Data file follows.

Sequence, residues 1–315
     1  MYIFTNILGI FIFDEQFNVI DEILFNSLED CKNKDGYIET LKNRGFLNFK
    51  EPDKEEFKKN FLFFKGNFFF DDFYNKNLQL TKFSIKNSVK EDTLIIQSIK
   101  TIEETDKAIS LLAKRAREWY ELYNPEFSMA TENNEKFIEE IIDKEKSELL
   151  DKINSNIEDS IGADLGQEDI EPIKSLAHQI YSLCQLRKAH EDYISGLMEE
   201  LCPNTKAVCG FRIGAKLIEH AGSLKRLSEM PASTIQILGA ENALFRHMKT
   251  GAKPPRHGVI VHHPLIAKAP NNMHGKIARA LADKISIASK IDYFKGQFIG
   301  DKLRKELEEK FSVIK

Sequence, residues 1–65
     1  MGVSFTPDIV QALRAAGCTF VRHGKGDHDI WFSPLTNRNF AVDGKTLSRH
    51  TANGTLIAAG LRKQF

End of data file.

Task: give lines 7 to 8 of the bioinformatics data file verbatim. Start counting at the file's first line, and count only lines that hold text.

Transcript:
   251  GAKPPRHGVI VHHPLIAKAP NNMHGKIARA LADKISIASK IDYFKGQFIG
   301  DKLRKELEEK FSVIK